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Jordan Lake, initially called New Hope Lake, is a 13,940-acre reservoir in central North Carolina's Piedmont region, part of the Upper Cape Fear River Basin. The lake was created by the U.S. Army Corps of Engineers for flood control, water supply and water quality, recreation, and fish and wildlife management.
Senator B. Everett Jordan proposed the lake project to Congress in 1963. The dam was built in 1974 at the intersection of the Haw and New Hope Rivers. However, litigation delayed flooding of the surrounding lands until 1981. Jordan Lake reached full conservation pool level of 216 feet above sea level in 1982. The lake extends 18 miles up the New Hope River and 5 miles up the Haw River. The shoreline of about 200 miles is protected by public ownership.
In 1981, North Carolina leased 45,478 acres of water and land for 50 years for recreational use and management of natural resources. The Jordan State Recreation Area operates eight recreation sites: Crosswinds Boat Ramp and Campground, Ebenezer Church, New Hope Overlook, Parkers Creek, Poplar Point, Robeson Creek, Seaforth, and Vista Point. Truly a natural playground, the lake and recreation center are a haven for families, singles, and couples.
The lake area is known as one of the largest summertime homes of the threatened bald eagle, and visitors delight in watching for a glimpse of our awe-inspiring national bird. If you're interested in seeing a bald eagle, your best bet is to head over to the NC 751 bridge over Northeast Creek or to go to the NC Wildlife Resources Commission's Wildlife Observation Deck. Jordan Lake is also a stopover for numerous migratory bird species.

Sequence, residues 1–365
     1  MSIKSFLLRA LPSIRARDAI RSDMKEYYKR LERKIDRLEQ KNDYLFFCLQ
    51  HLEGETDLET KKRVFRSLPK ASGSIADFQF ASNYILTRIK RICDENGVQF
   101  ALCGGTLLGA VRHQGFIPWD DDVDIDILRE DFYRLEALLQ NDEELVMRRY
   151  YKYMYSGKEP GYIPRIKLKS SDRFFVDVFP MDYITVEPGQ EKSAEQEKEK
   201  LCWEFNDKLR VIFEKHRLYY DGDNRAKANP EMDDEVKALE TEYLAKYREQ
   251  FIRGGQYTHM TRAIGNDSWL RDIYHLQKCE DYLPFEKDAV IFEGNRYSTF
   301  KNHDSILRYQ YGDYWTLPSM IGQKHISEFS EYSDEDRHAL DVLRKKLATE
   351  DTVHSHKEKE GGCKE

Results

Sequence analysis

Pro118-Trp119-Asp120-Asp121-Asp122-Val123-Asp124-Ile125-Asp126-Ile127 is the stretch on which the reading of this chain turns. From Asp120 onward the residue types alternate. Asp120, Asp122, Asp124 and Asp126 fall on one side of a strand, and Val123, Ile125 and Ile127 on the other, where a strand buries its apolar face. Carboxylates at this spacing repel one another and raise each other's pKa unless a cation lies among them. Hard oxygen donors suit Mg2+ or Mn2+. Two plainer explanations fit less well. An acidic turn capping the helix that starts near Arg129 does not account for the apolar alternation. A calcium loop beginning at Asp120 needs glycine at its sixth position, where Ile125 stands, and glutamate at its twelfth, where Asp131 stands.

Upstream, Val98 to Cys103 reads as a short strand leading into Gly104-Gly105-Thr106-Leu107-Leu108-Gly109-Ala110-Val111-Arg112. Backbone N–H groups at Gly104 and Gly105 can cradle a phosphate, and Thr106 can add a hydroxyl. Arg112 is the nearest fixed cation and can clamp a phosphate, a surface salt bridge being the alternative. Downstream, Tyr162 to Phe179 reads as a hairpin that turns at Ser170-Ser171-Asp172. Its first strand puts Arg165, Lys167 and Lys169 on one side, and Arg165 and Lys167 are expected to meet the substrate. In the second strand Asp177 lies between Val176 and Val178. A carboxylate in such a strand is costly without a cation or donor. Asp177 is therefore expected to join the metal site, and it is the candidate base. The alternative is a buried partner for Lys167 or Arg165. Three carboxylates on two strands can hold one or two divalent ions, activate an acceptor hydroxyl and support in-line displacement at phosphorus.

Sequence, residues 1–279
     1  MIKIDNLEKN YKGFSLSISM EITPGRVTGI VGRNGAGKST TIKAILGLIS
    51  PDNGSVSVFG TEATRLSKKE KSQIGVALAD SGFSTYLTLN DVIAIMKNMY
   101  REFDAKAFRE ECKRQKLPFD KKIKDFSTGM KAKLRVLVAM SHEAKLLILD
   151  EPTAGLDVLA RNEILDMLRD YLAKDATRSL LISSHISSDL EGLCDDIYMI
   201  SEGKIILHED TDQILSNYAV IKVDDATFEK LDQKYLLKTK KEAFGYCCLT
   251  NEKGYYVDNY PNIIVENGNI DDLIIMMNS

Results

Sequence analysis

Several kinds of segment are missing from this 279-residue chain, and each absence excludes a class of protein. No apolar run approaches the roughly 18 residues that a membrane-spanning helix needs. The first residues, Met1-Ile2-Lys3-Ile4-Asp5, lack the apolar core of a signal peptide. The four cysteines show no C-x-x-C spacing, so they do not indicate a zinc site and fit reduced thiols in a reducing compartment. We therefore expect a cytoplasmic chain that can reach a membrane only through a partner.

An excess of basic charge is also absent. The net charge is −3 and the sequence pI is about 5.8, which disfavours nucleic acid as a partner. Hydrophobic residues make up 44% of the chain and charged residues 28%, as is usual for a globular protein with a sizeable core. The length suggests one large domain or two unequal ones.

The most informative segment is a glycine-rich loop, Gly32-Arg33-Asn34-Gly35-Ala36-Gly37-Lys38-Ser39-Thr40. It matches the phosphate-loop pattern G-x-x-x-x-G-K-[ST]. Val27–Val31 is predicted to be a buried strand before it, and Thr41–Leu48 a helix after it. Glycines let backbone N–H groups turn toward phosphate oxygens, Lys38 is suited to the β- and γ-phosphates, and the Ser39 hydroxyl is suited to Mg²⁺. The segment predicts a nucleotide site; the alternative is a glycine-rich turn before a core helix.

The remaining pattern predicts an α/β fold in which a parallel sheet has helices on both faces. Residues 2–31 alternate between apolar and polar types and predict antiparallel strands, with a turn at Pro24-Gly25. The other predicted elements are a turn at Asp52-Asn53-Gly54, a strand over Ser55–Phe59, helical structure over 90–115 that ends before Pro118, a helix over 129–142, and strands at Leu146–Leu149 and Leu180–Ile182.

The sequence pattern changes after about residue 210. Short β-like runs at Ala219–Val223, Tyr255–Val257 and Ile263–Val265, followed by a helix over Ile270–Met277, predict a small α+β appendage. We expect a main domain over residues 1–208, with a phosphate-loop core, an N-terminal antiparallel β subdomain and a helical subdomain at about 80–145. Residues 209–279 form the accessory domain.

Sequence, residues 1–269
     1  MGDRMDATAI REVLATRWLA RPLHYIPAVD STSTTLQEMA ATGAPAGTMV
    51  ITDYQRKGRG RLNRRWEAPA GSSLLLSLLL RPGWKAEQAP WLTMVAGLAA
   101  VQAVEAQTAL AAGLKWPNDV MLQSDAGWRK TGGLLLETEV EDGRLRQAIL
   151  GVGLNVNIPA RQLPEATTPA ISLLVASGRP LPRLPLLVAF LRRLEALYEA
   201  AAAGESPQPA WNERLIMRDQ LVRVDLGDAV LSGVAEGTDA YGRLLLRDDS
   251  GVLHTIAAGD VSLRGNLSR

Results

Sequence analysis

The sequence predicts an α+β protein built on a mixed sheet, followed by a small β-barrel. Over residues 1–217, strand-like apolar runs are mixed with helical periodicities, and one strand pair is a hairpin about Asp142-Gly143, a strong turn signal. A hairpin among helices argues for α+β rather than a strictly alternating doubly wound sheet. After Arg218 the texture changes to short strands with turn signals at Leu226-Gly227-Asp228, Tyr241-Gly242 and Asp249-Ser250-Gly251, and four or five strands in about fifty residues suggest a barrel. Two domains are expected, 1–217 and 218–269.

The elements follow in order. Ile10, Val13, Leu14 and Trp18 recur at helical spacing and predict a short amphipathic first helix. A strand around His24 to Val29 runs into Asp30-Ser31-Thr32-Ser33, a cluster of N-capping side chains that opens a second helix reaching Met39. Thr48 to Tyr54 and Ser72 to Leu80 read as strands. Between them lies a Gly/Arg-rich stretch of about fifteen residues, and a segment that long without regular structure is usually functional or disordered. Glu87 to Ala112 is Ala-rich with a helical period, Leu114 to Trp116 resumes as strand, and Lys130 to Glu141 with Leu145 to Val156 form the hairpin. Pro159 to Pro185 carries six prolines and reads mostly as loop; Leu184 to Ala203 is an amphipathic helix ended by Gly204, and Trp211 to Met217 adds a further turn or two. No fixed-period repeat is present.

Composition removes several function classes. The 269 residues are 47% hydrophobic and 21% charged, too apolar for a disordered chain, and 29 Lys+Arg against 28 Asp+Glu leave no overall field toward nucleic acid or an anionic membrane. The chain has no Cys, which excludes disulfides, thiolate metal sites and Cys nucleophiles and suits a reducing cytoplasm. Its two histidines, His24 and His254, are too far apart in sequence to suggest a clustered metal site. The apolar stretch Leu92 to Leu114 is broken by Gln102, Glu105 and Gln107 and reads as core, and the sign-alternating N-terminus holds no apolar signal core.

On a lake as large and beautiful as Jordan Lake, boating reigns as king at the top of your To Do list. Each of the recreation area's eight sites has boat ramps that will allow you to launch your boat. If you don't take your own boat, you can rent one from the lake's marinas. Fishing boats, powerboats, and pontoon boats are all readily available and will enable you to experience the lake as you choose. Rest assured, nothing beats seeing the lake from the center of the sparking waters, blue skies reaching out to infinity above your head.
Jordan Lake also offers fishing opportunities for novice to seasoned anglers. Game fish include largemouth bass, crappie, striper, hybrids, bream, catfish, and white perch. There is a 16-inch size limit on bass. A North Carolina fishing license is required.
Walking trails are available at all but the Robeson Creek recreational area and range from beginner level to moderate. The hiking trails, though not long in distance, are long on views, as they present hikers with incredible views of the lake stretching out into the distance.
After a hike, what could be better than cooling down in the cool waters of Jordan Lake? Public-access sandy beaches are found at Ebenezer Church, Seaforth, and Parkers Creek recreation sites. Designated swimming areas are roped off, and swimming is only permitted in these areas. Lucky campers at Crosswinds Campground, Poplar Point, and Vista Point have additional access to the sandy beaches located there.
Five of Jordan Lake Recreation Center's sites have campgrounds. They are all well-maintained and developed, providing restrooms, showers, and RV hookups. Not only does camping at the lake allow you to view nature from the inside out, but your camper status allows you access to certain campground facilities not available to the general public, such as boat ramps, beaches, and walking trails.
Jordan Lake's 13,940 acres welcome you with open arms to enjoy nature's rich bounty. Embrace it, and you will walk away with many unforgettable memories.
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